VDC has three settings: VDC – the default setting, optimized for daily driving situations. There are no warning lights associated with this mode, which enables all controls for ABS, the Traction Control System (TCS), and VDC. Option two is Traction, which turns the VDC warning light green. This setting is more performance-oriented, with less-aggressive stability control. Engine torque-reduction control is disengaged. Or choose off – this setting turns off stability control and the traction control functions for emergency situations, such as getting out of mud or snow.

The other system that makes this car a beast is Active Torque Vectoring (ATV) which simply put, applies light brake pressure to the inside front wheel as your Subaru car heads into a corner, which pushes more power to the outside front wheel, reducing wheel spin and sharpens handling. The STI also comes with the Brembo performance braking system. At first glance, the MSRP on the car appears to be high, but when you analyze all the sophisticated systems on the car, suddenly it seems OK.

 

The interior of this special edition Subaru is very nice. You get a 3-spoke, flat- bottomed steering wheel with radio and cruise control buttons. The dash layout is smart with a small LCD central screen and a 4.3” information center at the top of the dash. My tester has Bluetooth, a 6-speaker stereo, and rearview camera. It has unique Launch Edition performance seats that are surprisingly comfortable. Back seat room is limited, but trunk space is more than adequate.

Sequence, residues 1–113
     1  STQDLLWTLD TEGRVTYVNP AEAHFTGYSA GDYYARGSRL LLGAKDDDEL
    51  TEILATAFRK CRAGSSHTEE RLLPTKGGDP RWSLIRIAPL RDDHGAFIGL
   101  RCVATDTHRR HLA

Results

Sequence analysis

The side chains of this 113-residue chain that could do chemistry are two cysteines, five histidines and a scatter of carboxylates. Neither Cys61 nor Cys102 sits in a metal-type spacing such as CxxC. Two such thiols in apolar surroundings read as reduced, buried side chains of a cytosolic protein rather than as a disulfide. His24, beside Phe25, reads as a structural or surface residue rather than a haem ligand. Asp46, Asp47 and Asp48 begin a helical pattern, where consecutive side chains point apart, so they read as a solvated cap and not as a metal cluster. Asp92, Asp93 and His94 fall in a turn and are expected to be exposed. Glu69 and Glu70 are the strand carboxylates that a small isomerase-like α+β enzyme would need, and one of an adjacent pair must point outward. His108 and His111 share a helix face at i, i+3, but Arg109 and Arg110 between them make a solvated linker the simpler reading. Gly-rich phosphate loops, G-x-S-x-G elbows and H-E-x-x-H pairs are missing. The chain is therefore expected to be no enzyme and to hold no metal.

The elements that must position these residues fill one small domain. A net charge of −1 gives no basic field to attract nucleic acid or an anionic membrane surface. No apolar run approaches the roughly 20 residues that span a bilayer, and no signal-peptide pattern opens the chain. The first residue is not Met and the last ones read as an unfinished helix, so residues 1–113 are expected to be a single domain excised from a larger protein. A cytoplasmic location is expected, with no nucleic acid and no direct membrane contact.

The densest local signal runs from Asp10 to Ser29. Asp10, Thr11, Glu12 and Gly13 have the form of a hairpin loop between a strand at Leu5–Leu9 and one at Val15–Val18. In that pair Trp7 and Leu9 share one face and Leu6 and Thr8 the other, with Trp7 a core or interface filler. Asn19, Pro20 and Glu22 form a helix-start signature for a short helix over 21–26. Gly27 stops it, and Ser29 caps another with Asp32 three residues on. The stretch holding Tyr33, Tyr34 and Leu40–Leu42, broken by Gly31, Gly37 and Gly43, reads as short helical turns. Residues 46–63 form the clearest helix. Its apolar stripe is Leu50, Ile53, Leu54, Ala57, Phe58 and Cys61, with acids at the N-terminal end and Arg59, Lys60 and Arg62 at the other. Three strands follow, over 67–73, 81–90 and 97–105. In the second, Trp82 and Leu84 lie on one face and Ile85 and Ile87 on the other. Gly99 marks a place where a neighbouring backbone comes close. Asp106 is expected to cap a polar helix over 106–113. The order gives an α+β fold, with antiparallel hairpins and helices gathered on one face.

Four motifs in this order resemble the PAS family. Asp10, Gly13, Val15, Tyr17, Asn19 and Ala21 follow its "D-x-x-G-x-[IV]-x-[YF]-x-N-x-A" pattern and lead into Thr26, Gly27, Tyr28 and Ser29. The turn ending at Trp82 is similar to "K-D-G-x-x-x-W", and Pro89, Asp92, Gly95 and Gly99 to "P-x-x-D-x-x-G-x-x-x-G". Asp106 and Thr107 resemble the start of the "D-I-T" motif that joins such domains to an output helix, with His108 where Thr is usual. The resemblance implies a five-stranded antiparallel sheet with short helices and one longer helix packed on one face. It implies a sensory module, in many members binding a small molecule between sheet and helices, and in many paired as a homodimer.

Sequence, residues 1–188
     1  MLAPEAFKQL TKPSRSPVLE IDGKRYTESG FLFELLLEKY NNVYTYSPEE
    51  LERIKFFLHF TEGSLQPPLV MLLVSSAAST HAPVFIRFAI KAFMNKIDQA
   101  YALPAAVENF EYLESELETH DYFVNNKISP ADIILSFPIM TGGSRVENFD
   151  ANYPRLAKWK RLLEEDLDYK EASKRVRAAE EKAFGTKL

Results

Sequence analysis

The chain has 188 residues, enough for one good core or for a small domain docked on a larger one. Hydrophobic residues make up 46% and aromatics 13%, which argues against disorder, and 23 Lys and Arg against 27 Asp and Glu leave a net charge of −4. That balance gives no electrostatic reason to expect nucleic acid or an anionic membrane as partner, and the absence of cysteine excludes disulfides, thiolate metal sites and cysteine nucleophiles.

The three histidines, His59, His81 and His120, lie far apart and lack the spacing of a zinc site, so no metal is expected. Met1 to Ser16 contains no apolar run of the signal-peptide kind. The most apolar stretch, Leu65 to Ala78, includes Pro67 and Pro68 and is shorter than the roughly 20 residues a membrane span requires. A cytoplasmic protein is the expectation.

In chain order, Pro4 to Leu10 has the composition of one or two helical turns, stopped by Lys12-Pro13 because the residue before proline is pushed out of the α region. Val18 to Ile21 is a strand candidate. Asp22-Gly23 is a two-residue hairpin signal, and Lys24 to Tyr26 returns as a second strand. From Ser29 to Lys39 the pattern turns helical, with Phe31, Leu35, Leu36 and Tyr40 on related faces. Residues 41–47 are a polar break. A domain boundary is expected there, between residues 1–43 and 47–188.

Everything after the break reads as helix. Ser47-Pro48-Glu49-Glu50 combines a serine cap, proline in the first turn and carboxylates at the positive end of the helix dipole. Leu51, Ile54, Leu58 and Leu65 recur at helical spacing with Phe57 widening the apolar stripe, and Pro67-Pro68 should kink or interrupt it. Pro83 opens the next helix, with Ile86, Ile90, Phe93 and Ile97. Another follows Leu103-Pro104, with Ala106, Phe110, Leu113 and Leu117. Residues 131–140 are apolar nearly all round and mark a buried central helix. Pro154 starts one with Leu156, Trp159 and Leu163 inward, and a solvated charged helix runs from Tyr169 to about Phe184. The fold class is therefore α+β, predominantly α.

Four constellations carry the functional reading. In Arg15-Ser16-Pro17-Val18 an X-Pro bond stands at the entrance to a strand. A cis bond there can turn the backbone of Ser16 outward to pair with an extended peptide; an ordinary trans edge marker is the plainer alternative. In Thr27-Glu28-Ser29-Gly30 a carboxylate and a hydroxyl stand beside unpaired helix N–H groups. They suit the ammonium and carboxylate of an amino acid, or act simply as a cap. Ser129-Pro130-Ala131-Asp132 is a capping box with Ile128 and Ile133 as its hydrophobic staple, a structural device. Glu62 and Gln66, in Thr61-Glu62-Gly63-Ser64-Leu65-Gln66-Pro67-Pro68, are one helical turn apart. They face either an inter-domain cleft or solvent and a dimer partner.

Outside, the Launch Edition comes in WR Blue Pearl (WR is world rally) and it is a very pretty color that only comes on this model. It also comes with gold-painted 18” alloy wheels, it has an awesome functional hood scoop, and then there is the rear spoiler. Good grief Charlie Brown, that is a big spoiler! It is functional, however, and actually serves a purpose other than embarrassing me while I drive it…it holds the car down at higher speeds, but there is some blockage of visibility. I also think it screams, “give me a ticket” to local law enforcement.

So, to wrap this up and put a nice little bow on it, the WRX STI is not unlike a rattlesnake to me. I give it much respect, but do not wish to share space with it. The $38,190 MSRP is a bargain for a technological wonder of a car, but I would pay that not to have to drive it every day. Objectively, I have to say the car is amazing; it’s just not for me.

What I liked most: The amazing technology in this car.

What I would change: The spoiler would have to go.

MSRP: Base price $38,190. As equipped $38,190

Fuel Economy: 17 City/23 highway.

Odometer reading when tested: 5289 miles.

Weight: 3386 Pounds.

Length-Width-Height: 180.9 long/70.7” wide/58.1” High.

Fuel Tank Capacity: 15.9 gallons.

Towing Capacity: N/A

2015 Subaru WRX STI in a few words: Awesome car if you are into rally racing.

Warranty: 3-year/36,000 mile bumper-to-bumper, 5-year/100,000 mile powertrain coverage..

Dealers: We have great Subaru dealers in Austin, Cleveland, Dallas-Fort Worth, Houston, Los Angeles, Sacramento, and San Antonio. Click here to find a dealer near you: http://www.carprousa.com/car-pro-approved-dealers/

Manufacturer’s website: Subaru

Photo Credit: Subaru